Seymour, left his post as professional at Royal County Down to take up a similar position with Wykagyl Golf Club in New York. He designed Royal Ostend before leaving for the US, where he also laid out a number of courses and formed a mail order business to distribute golf equipment throughout the country.
William Gourlay remained in the UK, marrying a woman named Nina Grace Chambers. Unconventionally, he adopted her surname and, after emigrating to Canada in 1911, he worked with A.V. Macan on the design of the Royal Colwood course in Vancouver.
Tom’s daughter Isabella May Gourlay Dunn – known as “Queenie” – also emigrated to the other side of the Atlantic in 1915 and was said to have worked on the design of a couple of courses in Nevada.
Tom MacWood at golfclubatlas.com:“Tom Dunn was the target of criticism after his death (the critics were mostly silent while he walked amongst them). After reading these later accounts one could easily conclude ‘Poor Tom Dunn’ was his given name.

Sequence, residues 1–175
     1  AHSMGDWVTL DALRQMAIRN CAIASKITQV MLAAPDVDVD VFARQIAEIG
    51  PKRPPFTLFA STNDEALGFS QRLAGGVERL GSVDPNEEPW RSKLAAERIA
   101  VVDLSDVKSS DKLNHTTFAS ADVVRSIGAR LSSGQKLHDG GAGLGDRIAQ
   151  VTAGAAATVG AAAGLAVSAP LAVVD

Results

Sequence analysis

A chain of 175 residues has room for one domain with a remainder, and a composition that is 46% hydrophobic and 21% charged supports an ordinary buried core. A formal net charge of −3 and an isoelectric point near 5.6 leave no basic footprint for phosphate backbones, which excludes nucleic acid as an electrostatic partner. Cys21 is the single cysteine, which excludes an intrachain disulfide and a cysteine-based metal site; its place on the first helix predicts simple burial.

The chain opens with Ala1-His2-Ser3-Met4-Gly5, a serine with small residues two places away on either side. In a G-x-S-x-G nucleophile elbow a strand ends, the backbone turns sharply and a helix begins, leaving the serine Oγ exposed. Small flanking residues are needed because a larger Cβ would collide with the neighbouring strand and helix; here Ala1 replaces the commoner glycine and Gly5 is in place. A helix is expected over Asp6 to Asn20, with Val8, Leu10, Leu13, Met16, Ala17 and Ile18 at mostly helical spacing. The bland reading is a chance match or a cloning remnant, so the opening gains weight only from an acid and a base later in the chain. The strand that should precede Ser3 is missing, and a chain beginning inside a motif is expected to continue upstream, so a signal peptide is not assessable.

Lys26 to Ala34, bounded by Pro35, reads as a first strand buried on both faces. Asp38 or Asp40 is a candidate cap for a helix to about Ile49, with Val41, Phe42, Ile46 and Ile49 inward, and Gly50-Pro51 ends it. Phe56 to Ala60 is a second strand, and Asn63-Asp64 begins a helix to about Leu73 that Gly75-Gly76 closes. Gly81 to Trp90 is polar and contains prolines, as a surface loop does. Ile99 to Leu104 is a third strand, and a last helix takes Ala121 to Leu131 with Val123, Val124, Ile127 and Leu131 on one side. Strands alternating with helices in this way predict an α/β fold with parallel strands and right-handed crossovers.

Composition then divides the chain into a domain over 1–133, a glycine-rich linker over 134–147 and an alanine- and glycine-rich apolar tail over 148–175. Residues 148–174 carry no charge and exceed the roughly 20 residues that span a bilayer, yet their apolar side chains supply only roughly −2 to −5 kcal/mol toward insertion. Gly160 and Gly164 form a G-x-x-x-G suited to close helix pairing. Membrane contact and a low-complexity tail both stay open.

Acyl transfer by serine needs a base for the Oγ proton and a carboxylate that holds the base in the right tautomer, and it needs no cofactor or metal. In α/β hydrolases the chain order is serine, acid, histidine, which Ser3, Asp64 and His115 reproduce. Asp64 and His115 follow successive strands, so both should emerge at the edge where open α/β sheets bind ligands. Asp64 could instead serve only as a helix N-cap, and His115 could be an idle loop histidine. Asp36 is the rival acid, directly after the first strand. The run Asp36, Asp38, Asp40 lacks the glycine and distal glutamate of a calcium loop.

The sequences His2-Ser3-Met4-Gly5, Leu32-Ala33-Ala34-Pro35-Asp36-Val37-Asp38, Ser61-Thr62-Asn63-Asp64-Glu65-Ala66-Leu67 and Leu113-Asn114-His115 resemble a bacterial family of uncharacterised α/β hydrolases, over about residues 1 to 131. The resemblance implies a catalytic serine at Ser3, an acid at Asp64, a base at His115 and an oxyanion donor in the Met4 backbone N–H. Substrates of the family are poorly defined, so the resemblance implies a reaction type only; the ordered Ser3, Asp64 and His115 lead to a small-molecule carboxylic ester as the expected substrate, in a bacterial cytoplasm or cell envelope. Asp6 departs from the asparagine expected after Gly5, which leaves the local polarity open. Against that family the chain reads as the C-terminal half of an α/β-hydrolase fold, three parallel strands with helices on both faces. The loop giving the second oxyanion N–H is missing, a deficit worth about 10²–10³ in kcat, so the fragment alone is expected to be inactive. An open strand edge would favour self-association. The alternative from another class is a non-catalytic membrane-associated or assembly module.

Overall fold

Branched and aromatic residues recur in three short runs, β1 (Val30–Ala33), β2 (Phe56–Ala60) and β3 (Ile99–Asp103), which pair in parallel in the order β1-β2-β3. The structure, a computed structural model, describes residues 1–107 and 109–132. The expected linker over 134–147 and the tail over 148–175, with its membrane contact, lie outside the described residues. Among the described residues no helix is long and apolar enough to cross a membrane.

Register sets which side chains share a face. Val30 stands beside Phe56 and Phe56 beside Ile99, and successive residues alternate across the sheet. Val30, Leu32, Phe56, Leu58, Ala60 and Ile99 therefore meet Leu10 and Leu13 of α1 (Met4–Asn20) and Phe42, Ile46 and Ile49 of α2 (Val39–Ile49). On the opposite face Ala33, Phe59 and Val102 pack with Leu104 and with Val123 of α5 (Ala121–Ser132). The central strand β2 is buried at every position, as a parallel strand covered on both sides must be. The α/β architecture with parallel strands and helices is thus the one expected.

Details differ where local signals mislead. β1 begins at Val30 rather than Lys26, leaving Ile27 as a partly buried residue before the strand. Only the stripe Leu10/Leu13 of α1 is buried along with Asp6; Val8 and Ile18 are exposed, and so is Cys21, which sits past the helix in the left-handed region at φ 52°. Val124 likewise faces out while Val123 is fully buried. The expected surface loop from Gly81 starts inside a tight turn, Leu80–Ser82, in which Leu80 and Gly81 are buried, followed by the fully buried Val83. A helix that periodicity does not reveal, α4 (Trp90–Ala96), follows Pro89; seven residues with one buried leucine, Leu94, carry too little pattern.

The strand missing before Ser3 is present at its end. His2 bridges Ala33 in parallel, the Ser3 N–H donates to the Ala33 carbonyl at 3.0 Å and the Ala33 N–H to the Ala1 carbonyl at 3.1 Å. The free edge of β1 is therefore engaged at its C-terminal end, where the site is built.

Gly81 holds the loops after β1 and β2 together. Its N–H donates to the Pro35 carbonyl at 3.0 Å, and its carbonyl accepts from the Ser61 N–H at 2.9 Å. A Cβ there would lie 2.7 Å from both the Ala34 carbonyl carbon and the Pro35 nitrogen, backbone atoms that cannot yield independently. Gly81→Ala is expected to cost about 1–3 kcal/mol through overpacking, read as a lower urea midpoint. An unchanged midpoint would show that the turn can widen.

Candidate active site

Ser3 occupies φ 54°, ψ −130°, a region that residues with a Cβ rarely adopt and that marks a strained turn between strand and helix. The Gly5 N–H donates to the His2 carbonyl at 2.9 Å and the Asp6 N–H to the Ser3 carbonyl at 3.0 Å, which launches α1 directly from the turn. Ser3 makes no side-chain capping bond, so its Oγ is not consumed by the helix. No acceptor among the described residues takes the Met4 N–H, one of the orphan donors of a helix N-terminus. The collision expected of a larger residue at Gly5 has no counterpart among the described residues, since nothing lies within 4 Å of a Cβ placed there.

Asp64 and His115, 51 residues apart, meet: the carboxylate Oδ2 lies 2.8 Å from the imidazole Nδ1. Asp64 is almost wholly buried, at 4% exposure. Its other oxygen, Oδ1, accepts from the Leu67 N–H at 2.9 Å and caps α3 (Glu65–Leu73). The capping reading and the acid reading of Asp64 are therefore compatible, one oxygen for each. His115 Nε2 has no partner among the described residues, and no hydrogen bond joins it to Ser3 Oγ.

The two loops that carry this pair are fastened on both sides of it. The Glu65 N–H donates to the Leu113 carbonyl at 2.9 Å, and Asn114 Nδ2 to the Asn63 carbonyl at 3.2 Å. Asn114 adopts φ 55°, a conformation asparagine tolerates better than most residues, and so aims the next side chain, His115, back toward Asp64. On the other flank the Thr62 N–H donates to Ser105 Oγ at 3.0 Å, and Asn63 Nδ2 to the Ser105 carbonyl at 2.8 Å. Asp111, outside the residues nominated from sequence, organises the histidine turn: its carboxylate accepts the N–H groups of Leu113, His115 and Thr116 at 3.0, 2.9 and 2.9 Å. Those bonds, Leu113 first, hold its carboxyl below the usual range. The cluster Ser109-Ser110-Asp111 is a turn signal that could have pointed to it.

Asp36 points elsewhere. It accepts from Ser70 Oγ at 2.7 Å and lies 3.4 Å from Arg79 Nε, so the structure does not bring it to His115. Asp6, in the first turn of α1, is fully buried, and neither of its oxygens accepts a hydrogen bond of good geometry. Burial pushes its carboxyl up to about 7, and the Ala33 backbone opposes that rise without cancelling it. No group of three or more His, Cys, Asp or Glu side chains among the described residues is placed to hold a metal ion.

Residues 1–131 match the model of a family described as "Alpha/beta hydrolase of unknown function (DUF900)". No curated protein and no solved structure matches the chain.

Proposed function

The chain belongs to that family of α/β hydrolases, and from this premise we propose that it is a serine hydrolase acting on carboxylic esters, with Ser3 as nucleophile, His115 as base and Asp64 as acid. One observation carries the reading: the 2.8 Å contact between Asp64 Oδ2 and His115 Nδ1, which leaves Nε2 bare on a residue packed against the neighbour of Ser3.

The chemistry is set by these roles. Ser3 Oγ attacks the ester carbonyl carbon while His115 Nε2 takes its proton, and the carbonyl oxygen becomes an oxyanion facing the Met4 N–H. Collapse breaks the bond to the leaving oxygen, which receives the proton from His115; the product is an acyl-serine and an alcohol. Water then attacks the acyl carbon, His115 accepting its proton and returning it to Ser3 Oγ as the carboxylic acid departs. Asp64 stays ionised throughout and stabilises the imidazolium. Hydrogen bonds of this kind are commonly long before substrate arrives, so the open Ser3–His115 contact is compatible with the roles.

Men like Colt, Campbell and MacKenzie when analysing the 1890s singled him out as the symbol for Victorian golf architecture and all the evils it represented. And without question he was guilty of the formulaic use of cross-hazards and the hit-and-run method of staking out a course.
Make no mistake. That was his modus operandi. On the other hand, he was providing an important service at a time when no one really knew what they were doing. As Horace Hutchinson wrote: ‘It was a simple plan, nor is Tom Dunn to be censured because he could not evolve something more like a colourable imitation of the natural hazard. A man is not to be criticized because he is not in advance of his time.’
One wonders if his formative years spent at Blackheath and not at Musselburgh had a detrimental effect. Whatever the case, he should at least be given partial credit for those courses that turned out well, like Woking. Certainly others were involved in polishing those courses but he did conceive their structure and should be credited at the very least for their initial routing, the foundation of all good architecture.”